In 2019, Gov. Andrew Cuomo wants to make it easier for New Yorkers to vote.
The Democratic governor outlined his legislative agenda Monday and proposed a series of voting reforms that aim to improve the electoral process.
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Many of the proposals aren't new. He wants to adopt automatic voter registration, a policy to automatically add new voters to the rolls and give them the option to opt out if they wish. He supports same-day registration, which would give non-voters wishing to cast a ballot a new option to register.
Early voting was mentioned. Democrats in the state Legislature have long pushed to adopt early voting, which would give voters access to the polls days before Election Day.
Consolidating the federal, state and local primaries has been proposed before. Democrats wanted to move the primary to late June, while Republicans advocated for an August date. Because neither side was willing to budge, there have been separate dates for the federal primary and state and local primary elections since 2012.
There are some new proposals on Cuomo's agenda. He proposed allowing votes by mail. According to the National Conference of State Legislatures, at least 22 states allow voting by mail. Vote-by-mail involves sending ballots to voters and they have the option of mailing the ballot back, or they can submit their ballot at a polling location on or before Election Day.
The National Conference of State Legislatures described vote-by-mail as "absentee voting for everyone."
Cuomo also called for designating Election Day as a state holiday. Proponents of voting reforms want to declare Election Day a national holiday so that it would give voters more time to cast their ballots.
"Let's make a real statement about the importance of voting," Cuomo said Monday before announcing his support of making Election Day a state holiday.
Outside of voting reforms, Cuomo outlined a few campaign finance and ethics reforms in his remarks Monday. A couple of the proposals aren't new. He reiterated his support of closing the LLC loophole, which allows wealthy individuals to create several limited liability corporations to circumvent the state's campaign contribution limits.
For state elected officials, Cuomo wants to ban outside income. A compensation committee recently recommended a pay raise for state lawmakers and statewide officials, including the governor. One of the panel's recommendations was a limit on outside income. Cuomo would go further and ban any outside income.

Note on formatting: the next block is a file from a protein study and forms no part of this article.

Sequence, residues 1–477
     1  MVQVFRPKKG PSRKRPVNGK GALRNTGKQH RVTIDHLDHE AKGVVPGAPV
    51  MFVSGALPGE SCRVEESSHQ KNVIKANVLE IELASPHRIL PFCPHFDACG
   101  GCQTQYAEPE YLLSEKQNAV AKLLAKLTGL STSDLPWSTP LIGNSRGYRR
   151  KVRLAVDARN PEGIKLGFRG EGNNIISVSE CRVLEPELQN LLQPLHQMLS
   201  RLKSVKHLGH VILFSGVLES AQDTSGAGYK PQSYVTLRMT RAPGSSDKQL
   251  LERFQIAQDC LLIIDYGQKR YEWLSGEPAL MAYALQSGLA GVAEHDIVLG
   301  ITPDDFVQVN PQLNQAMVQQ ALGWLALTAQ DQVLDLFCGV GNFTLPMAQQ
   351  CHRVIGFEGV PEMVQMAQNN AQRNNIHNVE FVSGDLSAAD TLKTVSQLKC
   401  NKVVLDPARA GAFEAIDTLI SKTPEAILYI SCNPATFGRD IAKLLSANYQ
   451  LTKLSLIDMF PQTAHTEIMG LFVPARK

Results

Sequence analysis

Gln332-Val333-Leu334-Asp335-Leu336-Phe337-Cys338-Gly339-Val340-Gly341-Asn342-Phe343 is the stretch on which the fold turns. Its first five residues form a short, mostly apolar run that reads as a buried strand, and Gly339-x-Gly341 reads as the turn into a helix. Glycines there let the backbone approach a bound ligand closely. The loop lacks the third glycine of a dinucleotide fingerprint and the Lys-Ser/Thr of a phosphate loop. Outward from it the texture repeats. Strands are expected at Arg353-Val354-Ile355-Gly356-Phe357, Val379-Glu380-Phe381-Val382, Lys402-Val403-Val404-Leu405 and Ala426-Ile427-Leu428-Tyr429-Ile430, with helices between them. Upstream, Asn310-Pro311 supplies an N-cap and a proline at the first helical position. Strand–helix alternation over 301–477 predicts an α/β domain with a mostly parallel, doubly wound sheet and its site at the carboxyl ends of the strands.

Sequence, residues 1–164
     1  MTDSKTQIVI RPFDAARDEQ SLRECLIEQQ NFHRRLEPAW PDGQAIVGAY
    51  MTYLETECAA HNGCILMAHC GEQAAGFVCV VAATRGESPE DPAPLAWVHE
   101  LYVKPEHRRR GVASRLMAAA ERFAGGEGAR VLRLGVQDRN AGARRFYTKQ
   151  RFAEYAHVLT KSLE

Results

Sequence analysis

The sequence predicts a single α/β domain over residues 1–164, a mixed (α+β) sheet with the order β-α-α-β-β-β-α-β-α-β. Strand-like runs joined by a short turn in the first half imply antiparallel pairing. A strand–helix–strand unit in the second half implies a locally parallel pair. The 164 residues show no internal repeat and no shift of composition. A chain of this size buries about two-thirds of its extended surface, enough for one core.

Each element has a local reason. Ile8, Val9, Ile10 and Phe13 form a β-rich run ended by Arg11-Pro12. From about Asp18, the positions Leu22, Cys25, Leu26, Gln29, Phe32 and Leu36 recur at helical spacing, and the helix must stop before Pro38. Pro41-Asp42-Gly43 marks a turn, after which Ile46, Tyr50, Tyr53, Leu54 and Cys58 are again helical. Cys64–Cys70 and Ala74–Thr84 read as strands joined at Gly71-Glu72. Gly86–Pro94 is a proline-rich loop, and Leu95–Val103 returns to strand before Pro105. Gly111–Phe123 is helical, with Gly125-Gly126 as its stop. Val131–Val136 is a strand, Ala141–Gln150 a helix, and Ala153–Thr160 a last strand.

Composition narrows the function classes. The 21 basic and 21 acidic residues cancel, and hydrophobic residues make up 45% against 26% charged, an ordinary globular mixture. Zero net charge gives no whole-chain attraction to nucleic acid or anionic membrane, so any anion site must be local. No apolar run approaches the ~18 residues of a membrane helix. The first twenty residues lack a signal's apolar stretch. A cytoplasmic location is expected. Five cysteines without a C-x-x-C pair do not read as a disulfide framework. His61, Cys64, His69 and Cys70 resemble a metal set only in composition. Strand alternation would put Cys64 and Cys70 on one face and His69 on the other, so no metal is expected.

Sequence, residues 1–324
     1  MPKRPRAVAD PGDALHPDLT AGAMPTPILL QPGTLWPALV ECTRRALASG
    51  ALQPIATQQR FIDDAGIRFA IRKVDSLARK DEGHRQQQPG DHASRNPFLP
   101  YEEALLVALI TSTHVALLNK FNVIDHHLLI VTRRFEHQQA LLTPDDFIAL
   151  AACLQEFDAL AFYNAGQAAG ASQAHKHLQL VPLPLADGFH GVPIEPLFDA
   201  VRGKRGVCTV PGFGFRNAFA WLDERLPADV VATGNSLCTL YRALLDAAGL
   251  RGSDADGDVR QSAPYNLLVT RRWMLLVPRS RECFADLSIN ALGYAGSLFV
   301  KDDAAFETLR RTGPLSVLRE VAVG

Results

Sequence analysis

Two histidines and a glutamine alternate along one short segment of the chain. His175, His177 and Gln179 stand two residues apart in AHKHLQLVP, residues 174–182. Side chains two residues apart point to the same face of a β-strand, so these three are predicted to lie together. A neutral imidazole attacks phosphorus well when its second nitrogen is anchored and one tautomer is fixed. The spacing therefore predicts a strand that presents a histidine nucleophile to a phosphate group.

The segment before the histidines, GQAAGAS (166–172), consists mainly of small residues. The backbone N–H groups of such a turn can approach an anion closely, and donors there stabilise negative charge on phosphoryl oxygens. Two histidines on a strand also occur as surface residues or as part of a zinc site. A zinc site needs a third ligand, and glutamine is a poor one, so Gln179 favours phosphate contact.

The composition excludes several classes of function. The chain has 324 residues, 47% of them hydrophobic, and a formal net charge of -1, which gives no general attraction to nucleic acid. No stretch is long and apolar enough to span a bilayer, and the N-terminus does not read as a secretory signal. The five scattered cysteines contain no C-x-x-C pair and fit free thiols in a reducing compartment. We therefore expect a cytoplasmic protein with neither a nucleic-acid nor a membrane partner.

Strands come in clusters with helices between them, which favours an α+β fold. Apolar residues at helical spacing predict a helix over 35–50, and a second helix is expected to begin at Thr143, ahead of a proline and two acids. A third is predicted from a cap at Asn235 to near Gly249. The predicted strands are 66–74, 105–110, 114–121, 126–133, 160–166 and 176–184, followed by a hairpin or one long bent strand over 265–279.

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Additionally, Cuomo is eyeing a ban on corporate contributions to political candidates. Since running for governor in 2010 and in his two re-election bids, he has received millions from corporate entities and LLCs.
The Let NY Vote Coalition, which has been advocating for election reform, praised Cuomo's proposals.
Susan Lerner, executive director of Common Cause/NY and a member of the coalition, lauded the governor for including automatic voter registration, early voting and one primary election date in his agenda. She urged Cuomo to work with legislators to pass "the strongest reform package possible."
"New Yorkers need at least two weekends to vote early, flexibility to change parties and full restoration of rights for people on parole," Lerner said. "It's time to see if a unified Democratic government can truly deliver on progressive voting reforms."
The voting reforms proposed by Cuomo will receive a warm reception from the Democratic state Legislature. Beginning in January, Democrats will control the state Senate. In the past, the GOP-led state Senate has blocked many of these reforms. Democrats, some of whom have sponsored bills to adopt early voting, automatic voter registration and other reforms, likely won't stand in the way of Cuomo's plan.
The new legislative session opens in January. Cuomo will commence his third term as governor with an inauguration address Jan. 1 on Ellis Island.